This is a counter to the views of Pat Buchanan and others who have long held that America is under siege due to the encroachment of non-traditional religious (or anti-religious) influences and not-so-well intentioned multiculturalists. For Buchanan, nothing less than the soul of America is at stake. That said, Fiorina admits that there is something to the “newly emergent” idea of “Two Nations Under God.” He writes:
The culture war metaphor refers to a displacement of the classic economic conflicts that animated twentieth-century politics in the advanced democracies by newly emergent moral and cultural ones… [m]any contemporary observers of American politics believe that old disagreements about economics now pale in comparison to new divisions based on sexuality, morality and religion, divisions so deep as to justify fears of violence and talk of war in describing them.
By characterizing the idea of a culture war as a “myth,” while admitting that cultural concerns have displaced what heretofore had been conflicts born of economic concerns, is Professor Fiorina conceding that the “culture war” is more than just a metaphor?
By Jenny Cox
I think many members of the second generation are standing at a spiritual crossroads. One course leads the way we’ve been going our entire lives: the way of our parents, the way of the Blessing, the way of inheriting the faith tradition we were born into. The other course lies outside, through what we fondly call the fallen world.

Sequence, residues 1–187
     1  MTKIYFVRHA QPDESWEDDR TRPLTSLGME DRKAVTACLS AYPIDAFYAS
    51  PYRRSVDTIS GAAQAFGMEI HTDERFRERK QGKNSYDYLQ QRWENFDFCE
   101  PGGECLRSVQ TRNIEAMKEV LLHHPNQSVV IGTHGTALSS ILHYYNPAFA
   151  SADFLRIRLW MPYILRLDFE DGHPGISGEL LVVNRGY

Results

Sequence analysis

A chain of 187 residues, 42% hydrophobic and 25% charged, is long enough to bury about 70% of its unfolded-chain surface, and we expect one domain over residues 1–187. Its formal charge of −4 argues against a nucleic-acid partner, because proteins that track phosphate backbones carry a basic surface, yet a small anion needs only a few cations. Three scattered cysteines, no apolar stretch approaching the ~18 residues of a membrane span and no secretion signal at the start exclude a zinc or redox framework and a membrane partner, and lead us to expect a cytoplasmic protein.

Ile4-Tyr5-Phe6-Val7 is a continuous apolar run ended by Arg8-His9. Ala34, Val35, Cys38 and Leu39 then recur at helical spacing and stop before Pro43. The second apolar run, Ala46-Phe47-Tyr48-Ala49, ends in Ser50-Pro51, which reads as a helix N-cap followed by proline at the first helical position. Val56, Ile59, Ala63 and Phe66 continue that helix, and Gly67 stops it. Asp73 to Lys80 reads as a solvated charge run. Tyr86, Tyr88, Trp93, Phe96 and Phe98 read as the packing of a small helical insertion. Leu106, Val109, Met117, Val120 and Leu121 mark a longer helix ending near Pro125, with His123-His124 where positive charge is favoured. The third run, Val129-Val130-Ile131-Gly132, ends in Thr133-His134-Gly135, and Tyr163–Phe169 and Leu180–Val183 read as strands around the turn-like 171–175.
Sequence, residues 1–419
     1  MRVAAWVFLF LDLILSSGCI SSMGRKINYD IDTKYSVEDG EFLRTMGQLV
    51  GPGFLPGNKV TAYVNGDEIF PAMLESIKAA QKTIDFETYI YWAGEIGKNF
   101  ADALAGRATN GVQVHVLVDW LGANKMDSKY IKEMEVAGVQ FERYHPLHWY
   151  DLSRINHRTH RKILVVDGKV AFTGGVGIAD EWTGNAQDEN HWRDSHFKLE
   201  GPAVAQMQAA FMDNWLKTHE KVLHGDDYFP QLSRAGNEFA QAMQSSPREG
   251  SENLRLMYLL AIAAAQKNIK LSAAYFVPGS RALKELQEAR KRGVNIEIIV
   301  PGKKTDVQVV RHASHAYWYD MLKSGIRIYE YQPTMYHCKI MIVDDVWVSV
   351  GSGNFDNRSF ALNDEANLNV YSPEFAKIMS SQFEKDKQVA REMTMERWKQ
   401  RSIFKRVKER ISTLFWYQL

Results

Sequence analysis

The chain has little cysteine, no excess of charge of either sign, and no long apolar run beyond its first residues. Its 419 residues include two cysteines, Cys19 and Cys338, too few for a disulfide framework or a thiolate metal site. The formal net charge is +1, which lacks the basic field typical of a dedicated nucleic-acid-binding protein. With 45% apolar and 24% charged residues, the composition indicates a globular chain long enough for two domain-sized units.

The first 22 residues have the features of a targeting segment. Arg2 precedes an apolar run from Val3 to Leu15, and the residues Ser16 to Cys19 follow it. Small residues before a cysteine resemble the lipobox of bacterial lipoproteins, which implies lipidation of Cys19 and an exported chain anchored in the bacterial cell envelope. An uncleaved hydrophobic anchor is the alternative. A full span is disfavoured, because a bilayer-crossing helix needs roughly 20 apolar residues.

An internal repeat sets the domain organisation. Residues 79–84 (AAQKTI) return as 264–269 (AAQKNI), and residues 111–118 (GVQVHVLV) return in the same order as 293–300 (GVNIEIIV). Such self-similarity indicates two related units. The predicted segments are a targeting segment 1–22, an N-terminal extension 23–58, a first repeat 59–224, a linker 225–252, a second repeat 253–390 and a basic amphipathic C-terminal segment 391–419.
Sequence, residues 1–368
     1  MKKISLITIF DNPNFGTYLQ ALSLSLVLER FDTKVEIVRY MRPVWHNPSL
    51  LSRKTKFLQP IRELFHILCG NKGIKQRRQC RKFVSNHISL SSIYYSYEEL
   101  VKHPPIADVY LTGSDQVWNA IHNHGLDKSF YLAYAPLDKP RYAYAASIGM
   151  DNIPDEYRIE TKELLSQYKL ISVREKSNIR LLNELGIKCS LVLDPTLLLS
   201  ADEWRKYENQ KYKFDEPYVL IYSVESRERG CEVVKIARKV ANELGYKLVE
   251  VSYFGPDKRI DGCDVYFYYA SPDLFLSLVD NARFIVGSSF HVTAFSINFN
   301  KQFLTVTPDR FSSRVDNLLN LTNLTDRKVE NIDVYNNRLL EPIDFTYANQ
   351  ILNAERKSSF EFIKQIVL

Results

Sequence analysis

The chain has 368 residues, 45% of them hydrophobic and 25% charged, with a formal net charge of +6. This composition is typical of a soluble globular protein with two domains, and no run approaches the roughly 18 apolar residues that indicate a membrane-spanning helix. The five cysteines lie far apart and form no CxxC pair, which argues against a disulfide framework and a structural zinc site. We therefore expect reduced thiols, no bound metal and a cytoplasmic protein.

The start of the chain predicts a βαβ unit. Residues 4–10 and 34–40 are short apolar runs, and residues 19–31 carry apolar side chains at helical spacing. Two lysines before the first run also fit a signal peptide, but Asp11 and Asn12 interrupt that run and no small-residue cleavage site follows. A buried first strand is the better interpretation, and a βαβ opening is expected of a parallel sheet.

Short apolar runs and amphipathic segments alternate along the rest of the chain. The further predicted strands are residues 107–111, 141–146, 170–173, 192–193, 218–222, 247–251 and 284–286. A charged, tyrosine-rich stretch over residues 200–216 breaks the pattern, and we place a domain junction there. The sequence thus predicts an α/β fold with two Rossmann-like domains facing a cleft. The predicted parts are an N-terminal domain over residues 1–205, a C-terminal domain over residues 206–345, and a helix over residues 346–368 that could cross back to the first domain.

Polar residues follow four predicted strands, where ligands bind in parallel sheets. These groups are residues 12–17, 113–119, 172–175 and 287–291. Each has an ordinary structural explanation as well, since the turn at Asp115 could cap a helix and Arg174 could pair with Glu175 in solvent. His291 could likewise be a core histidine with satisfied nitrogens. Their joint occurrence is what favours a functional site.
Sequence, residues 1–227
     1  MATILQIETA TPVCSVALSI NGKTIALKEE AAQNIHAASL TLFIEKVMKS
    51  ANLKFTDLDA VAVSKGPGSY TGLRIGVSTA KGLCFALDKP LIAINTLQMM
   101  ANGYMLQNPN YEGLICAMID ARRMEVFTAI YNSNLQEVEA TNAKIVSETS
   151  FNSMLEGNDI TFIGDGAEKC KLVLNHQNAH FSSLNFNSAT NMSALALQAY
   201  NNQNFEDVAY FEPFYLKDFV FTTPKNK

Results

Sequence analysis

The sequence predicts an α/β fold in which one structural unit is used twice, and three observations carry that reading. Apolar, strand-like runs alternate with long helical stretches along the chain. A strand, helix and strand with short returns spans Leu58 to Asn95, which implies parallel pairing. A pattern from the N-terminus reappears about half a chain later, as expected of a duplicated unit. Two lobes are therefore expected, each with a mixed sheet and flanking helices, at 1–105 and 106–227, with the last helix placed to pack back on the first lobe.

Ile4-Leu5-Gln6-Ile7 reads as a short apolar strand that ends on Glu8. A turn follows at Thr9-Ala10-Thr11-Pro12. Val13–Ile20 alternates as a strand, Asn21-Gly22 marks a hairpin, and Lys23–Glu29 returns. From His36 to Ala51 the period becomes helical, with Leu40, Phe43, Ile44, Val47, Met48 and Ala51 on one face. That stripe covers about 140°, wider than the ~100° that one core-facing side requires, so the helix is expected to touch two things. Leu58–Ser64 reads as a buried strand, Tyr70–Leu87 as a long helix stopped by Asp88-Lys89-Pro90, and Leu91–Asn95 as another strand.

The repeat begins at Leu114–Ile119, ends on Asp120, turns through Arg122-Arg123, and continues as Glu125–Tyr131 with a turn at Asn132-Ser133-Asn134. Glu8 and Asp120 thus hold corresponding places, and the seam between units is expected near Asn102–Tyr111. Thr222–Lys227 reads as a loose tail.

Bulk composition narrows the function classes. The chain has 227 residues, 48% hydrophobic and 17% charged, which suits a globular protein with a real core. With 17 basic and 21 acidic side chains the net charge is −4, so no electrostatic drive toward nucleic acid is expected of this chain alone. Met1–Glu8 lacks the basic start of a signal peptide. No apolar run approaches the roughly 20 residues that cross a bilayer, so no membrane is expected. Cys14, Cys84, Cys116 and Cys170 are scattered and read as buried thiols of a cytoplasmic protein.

Kind of a scary ultimatum, isn’t it?
In a time of many transitions and new starts — life goals, career ambitions, even marriage prospects knocking at one’s door — it’s almost too much for a young person to handle at one time. All of the most critical decisions of one’s life seem to be clustered in this tender three-to-four year gap between teenagehood and college graduation. On top of that, add the fact that most young people, in their late teens and early twenties, are still desperately trying to find themselves.
Young people are especially vulnerable to the whims of the world, as they are also expected, and sometimes herded, to go to college during this pivotal, impressionable stage of their lives. I regret to say that, while colleges do provide a wealth of knowledge and opportunity, college campuses are also rife with harmful influences. In such an environment, confusion on many levels is likely to trouble a young person’s mind; some would even say this is calculated.